• There are too many candidates to choose from, primarily due to electronic means of advertising jobs and applying for jobs.

The outcome can be a lengthy, expensive recruiting process due to too many interviews, too many decision makers, and salary ranges that are based on a negotiation game.

The Potential Solve:  Go “Brandless”.

Hey Gang:  Read the rest of my post (and lots of other great stuff) at Fistful Of Talent



Burke Bedside Chat: Can I Discriminate Against Boring People?

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Every Tuesday I conduct my Burke Bedside Chat live on Facebook.  It’s me and my trusted side-kick, hubby Bo Burke, sitting in bed doing what old-people do…we go to bed early and talk about random stuff on Facebook. Live.

Along with talking about po-boys, Hamilton, Pokemon, mushroom villages and football, I naturally throw in HR, Leadership, Recruiting, and Talent Management Stuff.  

If you want to join in– hit me up on Facebook.  Message me “Burke Bedside Chat” and I’ll set you up.

This week’s question:  Can I Discriminate Against Boring People?  If I’m interviewing you and can hardly keep my eyes open, can I disqualify you?  If you submit a video interview and I’m feeling my head nod, can I say sayonara? If you talk in monotone Lurch-style for the entirety of your interview, can I give you the hook?

Lot’s of people chimed in.  To see what they said, and to hear about grits, green beans and other things— check it out.

Wanna Screw Up Engagement > Multi-task During a Call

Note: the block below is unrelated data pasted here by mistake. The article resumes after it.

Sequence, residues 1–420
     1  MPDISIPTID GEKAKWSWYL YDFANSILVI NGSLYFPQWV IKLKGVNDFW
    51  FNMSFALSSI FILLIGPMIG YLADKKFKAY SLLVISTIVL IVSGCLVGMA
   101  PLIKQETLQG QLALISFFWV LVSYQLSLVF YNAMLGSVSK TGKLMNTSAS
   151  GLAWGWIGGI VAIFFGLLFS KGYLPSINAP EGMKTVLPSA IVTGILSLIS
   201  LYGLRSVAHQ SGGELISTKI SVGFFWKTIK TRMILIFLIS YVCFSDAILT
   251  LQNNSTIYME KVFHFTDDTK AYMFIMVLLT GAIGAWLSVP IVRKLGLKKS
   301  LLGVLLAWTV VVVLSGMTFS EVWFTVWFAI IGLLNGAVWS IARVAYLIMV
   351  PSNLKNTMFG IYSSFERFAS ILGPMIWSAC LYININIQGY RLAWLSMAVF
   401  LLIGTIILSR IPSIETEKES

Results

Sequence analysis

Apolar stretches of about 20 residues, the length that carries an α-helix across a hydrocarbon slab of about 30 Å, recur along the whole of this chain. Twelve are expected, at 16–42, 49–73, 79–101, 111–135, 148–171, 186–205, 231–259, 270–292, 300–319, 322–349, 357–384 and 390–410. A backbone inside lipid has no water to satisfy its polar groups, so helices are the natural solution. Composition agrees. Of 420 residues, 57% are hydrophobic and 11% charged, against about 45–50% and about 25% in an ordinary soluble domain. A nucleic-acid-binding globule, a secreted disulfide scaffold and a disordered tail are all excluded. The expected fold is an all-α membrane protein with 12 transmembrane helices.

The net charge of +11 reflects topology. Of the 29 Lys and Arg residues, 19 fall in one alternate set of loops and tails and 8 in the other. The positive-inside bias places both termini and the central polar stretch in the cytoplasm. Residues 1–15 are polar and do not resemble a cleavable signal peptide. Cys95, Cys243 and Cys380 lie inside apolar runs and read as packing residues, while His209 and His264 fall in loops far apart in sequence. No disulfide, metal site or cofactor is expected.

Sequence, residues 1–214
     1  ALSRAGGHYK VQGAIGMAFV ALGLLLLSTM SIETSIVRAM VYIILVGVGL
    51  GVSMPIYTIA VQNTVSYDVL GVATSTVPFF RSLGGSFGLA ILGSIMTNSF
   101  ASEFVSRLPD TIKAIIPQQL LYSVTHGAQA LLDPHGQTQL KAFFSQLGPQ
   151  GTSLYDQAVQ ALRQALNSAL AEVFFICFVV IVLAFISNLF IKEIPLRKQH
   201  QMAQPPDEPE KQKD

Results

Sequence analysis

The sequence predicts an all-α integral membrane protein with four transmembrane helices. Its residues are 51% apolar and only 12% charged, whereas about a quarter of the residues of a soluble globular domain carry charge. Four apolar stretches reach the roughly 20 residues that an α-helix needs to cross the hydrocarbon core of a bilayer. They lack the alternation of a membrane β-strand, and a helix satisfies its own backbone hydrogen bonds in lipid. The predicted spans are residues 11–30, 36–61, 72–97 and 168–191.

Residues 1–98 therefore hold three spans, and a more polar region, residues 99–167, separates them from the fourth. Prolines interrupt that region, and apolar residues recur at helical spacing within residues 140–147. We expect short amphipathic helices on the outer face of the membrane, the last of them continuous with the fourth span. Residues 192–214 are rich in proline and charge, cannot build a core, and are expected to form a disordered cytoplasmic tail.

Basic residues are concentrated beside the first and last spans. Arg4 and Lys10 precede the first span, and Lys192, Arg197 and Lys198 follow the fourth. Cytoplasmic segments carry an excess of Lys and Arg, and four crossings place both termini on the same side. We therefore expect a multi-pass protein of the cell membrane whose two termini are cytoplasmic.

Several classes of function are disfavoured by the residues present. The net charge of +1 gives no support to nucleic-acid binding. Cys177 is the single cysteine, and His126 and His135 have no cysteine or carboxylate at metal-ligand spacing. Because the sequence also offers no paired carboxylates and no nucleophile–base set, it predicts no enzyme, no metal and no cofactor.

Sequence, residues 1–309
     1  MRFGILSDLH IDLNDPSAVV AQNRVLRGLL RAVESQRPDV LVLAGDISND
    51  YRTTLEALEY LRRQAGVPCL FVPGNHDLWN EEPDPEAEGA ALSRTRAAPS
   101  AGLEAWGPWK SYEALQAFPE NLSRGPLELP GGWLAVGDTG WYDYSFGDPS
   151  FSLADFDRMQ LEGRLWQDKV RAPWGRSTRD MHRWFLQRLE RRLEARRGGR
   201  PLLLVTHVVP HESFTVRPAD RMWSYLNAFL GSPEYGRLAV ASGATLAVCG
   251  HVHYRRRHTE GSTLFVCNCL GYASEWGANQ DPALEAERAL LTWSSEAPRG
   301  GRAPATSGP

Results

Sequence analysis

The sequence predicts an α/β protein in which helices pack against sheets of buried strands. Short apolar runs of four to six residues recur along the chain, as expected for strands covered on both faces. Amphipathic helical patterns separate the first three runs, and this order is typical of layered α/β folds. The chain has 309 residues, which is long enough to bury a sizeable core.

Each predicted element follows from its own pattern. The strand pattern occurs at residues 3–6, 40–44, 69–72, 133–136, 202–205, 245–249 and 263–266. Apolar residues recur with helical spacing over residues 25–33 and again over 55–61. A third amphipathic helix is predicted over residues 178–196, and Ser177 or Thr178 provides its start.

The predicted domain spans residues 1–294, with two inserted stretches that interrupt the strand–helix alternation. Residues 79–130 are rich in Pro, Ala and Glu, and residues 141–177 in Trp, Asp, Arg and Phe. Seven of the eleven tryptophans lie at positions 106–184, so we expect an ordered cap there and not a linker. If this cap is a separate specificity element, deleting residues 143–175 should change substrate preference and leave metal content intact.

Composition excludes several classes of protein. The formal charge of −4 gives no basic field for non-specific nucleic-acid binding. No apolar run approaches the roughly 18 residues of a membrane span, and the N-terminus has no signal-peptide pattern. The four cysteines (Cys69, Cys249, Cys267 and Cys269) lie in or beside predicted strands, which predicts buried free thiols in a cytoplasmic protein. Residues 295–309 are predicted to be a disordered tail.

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Wanna suck the life out of your engagement strategy.  I mean really take your engagement credibility to new lows.  Multi-task while you are on the phone.

You know what will immediately make your employees think you don’t care…the sound of your clicking keyboard. When you are talking to someone. During a scheduled call.

Since I’ve been around the block a time or two, it really doesn’t bother me too much anymore.  If I hear a clicking keyboard when someone is talking with me, I just say let’s reschedule.  I certainly have lots of other things to do, so I don’t sweat it.  But imagine if you are an employee who has finally scheduled some precious time with you, Sr. Leader.  If you don’t think they’ve been nervous about that call, you may may need to come back down to the Trenches.  They call you, they are prepped, and then they hear the click of your keyboard.  Then they feel… well, not angry, and likely not sad… but just, like a schmuck.

Or imagine you are a candidate and you hear the sound of a clicking keyboard during your interview.  The interview your’ve been sweating for 2 weeks.  The one that is for the dream job you’ve been coveting.  That sound totally sucks.  Then they think you totally suck. Then they think your company totally sucks.  And you know what – they’re right.

I’ll give all of you a break — it is super easy to do this unintentionally.  I know most  mean nothing by it, that is why it doesn’t bother me so much when it happens to me.  And frankly, I’d be a complete liar if I said I have never done this.  BUT….

If someone heard my keyboard clicking over the phone, especially if I was interviewing them or if they really needed my advice as a Sr. Leader or if they had prepped for my time, no matter what the reason — I suck.

Pragmatic HR Tip >  If you feel you still have the right to suck by multi-tasking, or if for some reason multi-tasking it is prudent:  MUTE YOUR FRIGGIN’ PHONE.